Clinical recommendationEvidence ratingReferences
First-line treatment of diabetic peripheral neuropathic pain includes tricyclic antidepressants (e.g., amitriptyline, nortriptyline [Pamelor]). If these agents are contraindicated, newer anticonvulsants (e.g., gabapentin [Neurontin], pregabalin [Lyrica]) should be considered.B6, 811
Serotonin-norepinephrine reuptake inhibitors (e.g., venlafaxine [Effexor], duloxetine [Cymbalta]) or opiates and opiate analogs (e.g., morphine, tramadol [Ultram]) may be used if first-line treatments are unsuccessful.B8, 13, 14, 18, 44
Topical treatments (e.g., capsaicin cream [Zostrix], lidocaine 5% patches [Lidoderm]) may be added to systemic treatments at any time.B19, 20
Drug*DosageCost of generic (brand)Comments
Amitriptyline10 to 150 mg at bedtime$12 (NA)§NNT = 1.3, NNH = 28 (major adverse events)
Nortriptyline (Pamelor)25 to 150 mg at bedtime$13 ($692)§NNH = 6 (minor adverse events)8 ||
Desipramine (Norpramin)25 to 150 mg at bedtime$23 ($44)
Pregabalin (Lyrica)150 to 600 mg per day, divided into two or three dosesNA ($168)NNT = 3.3, NNH = 3.79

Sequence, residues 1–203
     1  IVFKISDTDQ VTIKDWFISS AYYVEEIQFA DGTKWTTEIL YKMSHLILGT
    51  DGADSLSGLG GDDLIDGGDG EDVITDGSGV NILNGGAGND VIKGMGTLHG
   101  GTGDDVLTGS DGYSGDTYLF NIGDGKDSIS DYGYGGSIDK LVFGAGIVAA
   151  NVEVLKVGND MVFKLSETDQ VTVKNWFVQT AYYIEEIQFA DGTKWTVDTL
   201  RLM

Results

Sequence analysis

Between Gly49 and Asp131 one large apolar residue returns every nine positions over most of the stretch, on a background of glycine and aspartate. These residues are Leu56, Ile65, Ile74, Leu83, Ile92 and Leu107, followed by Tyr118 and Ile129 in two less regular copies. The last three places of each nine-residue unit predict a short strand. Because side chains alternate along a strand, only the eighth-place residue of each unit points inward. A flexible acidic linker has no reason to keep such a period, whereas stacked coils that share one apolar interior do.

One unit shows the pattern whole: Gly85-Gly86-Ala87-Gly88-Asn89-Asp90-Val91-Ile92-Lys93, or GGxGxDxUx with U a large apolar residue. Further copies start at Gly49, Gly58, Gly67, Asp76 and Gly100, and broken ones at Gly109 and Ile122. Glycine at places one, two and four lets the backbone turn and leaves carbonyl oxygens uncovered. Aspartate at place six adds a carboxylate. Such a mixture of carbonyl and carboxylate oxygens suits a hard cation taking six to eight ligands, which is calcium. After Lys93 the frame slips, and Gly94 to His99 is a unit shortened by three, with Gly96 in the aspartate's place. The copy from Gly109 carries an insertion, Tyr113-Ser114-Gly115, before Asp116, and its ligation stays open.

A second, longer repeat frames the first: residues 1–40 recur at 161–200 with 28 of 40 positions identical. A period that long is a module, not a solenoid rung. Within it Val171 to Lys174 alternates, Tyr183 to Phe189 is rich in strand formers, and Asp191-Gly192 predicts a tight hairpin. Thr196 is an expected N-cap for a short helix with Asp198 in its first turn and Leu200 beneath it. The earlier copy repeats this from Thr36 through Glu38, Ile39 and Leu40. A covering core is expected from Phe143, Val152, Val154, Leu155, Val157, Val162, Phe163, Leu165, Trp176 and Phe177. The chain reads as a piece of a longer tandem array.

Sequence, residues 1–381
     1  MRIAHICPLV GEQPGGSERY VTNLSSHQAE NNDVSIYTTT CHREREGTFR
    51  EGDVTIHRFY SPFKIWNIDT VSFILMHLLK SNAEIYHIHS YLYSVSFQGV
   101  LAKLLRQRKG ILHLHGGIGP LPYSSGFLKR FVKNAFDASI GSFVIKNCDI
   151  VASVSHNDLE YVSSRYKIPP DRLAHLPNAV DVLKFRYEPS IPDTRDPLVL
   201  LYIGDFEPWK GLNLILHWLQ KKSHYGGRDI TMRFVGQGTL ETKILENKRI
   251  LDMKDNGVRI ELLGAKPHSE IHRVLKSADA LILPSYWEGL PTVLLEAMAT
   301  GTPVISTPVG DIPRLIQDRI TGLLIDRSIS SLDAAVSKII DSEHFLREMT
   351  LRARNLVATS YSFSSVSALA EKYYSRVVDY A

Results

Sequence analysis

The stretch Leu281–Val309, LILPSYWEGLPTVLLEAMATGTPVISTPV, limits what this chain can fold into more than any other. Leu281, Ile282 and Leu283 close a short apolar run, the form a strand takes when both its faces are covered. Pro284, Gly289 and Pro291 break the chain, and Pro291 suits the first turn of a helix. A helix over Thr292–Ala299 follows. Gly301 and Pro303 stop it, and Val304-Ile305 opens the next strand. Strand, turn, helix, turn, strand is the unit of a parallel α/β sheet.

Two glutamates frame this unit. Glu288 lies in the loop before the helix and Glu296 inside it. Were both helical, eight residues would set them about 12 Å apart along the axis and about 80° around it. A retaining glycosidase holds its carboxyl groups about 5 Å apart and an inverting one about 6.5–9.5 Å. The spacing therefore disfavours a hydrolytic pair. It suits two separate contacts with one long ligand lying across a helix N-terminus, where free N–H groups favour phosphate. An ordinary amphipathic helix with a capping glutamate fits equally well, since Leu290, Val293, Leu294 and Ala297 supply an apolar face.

300 mg twice per dayNNT = 4.010 ||
100 mg three times per dayNNT = 6.010 ||
50 mg three times per dayNNT = 19.110 ||
Gabapentin (Neurontin)300 to 1,200 mg three times per day$60 ($182)NNT = 4.3, NNH = 3.711 ||
Carbamazepine (Tegretol)200 to 600 mg twice per day$10 ($86)§NNT = 3.3, NNH = 1.99 ||
NNT = 2.5, NNH = 3.712
Venlafaxine, extended release (Effexor XR)150 to 225 mg per day$142 ($150)NNT = 3.1, NNH = 16.2 (major adverse effect)
NNH = 9.6 (minor adverse effect)8
Duloxetine (Cymbalta)60 to 120 mg per dayNA ($154)NNT = 5.1,5,13 NNH = 155 ||
Morphine15 to 120 mg per day$17Adverse effects and potential for addiction may limit use; decreased tolerated dose with similar effectiveness when used with gabapentin14,15
Oxycodone, controlled release (Oxycontin)10 to 40 mg twice per day$61 ($152)NNT = 2.6 based on single small RCT16
Another RCT showed benefit17||
NNH = 816 (adverse effects led to withdrawal from study)
Tramadol (Ultram)200 to 400 mg per day$64 ($246)NNT = 3.8, NNH = 7.7 (adverse effects led to withdrawal from study)18
Capsaicin cream (Zostrix)0.075% topical cream four times per dayNA ($22 per 57-g tube)NNT = 5.7 (adverse effects make blinded trials difficult)
NNH = 2.5 (local adverse effect)
NNH = 9.8 (adverse effects led to withdrawal from study)19
Lidocaine 5% patch (Lidoderm)Up to three patches per day, each patch worn up to 12 hours; patches may be worn at the same time; a 12-hour drug-free interval is necessaryNA ($217 for one patch per day)NNT = 4.4,20,21 NNH = 2920